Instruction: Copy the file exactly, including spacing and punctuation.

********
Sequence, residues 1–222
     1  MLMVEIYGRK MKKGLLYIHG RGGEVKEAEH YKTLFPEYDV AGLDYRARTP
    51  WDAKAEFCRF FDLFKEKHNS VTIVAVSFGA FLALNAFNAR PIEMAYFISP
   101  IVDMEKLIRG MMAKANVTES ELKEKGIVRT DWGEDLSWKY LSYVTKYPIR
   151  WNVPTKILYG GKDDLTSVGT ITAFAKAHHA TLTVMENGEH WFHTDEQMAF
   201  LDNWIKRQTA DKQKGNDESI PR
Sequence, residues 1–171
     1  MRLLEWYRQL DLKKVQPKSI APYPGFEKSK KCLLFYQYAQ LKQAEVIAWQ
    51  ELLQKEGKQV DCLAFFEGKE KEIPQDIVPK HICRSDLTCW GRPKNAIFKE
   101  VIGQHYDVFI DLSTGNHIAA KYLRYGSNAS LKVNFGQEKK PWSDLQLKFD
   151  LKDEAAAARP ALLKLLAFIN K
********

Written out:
Sequence, residues 1–222
     1  MLMVEIYGRK MKKGLLYIHG RGGEVKEAEH YKTLFPEYDV AGLDYRARTP
    51  WDAKAEFCRF FDLFKEKHNS VTIVAVSFGA FLALNAFNAR PIEMAYFISP
   101  IVDMEKLIRG MMAKANVTES ELKEKGIVRT DWGEDLSWKY LSYVTKYPIR
   151  WNVPTKILYG GKDDLTSVGT ITAFAKAHHA TLTVMENGEH WFHTDEQMAF
   201  LDNWIKRQTA DKQKGNDESI PR
Sequence, residues 1–171
     1  MRLLEWYRQL DLKKVQPKSI APYPGFEKSK KCLLFYQYAQ LKQAEVIAWQ
    51  ELLQKEGKQV DCLAFFEGKE KEIPQDIVPK HICRSDLTCW GRPKNAIFKE
   101  VIGQHYDVFI DLSTGNHIAA KYLRYGSNAS LKVNFGQEKK PWSDLQLKFD
   151  LKDEAAAARP ALLKLLAFIN K